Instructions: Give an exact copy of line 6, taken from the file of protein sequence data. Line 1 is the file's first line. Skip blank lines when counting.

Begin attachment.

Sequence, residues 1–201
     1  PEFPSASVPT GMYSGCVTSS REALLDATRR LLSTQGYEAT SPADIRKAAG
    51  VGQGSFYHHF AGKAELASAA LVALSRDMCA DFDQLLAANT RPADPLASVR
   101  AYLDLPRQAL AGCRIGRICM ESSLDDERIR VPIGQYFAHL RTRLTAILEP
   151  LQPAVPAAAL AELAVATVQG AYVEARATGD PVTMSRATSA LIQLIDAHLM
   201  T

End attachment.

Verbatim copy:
   201  T